Arrestin interaction with E3 ubiquitin ligases and deubiquitinases: functional and therapeutic implications.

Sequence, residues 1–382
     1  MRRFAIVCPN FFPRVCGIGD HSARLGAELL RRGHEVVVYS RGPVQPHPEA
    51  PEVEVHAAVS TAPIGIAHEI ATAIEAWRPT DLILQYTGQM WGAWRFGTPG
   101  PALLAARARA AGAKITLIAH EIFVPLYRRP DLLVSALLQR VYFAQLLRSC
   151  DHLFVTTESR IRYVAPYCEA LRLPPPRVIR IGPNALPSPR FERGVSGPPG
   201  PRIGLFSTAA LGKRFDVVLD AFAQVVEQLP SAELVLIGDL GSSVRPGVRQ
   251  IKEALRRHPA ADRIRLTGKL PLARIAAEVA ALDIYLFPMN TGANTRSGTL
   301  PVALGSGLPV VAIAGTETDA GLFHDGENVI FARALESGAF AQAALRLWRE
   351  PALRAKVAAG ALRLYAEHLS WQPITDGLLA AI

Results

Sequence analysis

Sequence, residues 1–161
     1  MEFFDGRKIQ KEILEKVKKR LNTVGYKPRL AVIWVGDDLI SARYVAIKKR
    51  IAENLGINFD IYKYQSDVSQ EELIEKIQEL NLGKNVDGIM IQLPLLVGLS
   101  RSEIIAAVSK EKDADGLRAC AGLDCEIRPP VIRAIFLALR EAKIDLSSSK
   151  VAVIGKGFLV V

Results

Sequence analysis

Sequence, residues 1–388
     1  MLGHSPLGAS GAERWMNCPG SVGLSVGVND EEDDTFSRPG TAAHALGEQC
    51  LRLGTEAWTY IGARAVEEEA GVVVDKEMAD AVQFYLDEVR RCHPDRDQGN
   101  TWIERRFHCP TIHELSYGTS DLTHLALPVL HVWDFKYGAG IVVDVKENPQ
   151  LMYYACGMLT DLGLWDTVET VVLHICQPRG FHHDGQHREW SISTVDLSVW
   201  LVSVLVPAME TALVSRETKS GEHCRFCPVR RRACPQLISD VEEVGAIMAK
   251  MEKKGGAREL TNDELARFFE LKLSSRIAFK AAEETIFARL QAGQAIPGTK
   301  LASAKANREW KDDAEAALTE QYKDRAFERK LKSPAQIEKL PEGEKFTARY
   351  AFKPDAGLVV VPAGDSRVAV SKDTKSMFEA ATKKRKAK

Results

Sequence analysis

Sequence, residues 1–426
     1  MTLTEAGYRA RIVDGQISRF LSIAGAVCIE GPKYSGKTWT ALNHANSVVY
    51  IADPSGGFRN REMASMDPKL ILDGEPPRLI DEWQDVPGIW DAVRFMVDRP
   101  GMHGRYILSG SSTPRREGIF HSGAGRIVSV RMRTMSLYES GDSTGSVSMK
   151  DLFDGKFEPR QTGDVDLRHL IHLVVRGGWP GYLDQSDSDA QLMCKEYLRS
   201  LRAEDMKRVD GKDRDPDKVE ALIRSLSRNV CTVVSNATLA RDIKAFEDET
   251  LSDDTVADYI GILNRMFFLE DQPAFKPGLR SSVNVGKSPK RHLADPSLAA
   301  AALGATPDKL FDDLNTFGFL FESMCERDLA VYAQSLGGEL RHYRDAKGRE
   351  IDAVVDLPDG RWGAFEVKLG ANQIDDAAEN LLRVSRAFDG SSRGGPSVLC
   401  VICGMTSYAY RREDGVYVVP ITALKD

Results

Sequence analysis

Arrestins constitute a small family of four homologous adaptor proteins (arrestins 1-4), which were originally identified as inhibitors of signal transduction elicited by the seven-transmembrane G protein-coupled receptors. Currently arrestins (especially arrestin2 and arrestin3; also called β-arrestin1 and β-arrestin2) are known to be activators of cell signaling and modulators of endocytic trafficking. Arrestins mediate these effects by binding to not only diverse cell-surface receptors but also by associating with a variety of critical signaling molecules in different intracellular compartments. Thus, the functions of arrestins are multifaceted and demand interactions with a host of proteins and require an array of selective conformations. Furthermore, receptor ligands that specifically induce signaling via arrestins are being discovered and their physiological roles are emerging. Recent evidence suggests that the activity of arrestin is regulated in space and time by virtue of its dynamic association with specific enzymes of the ubiquitination pathway. Ubiquitin-dependent, arrestin-mediated signaling could serve as a potential platform for developing novel therapeutic strategies to target transmembrane signaling and physiological responses.
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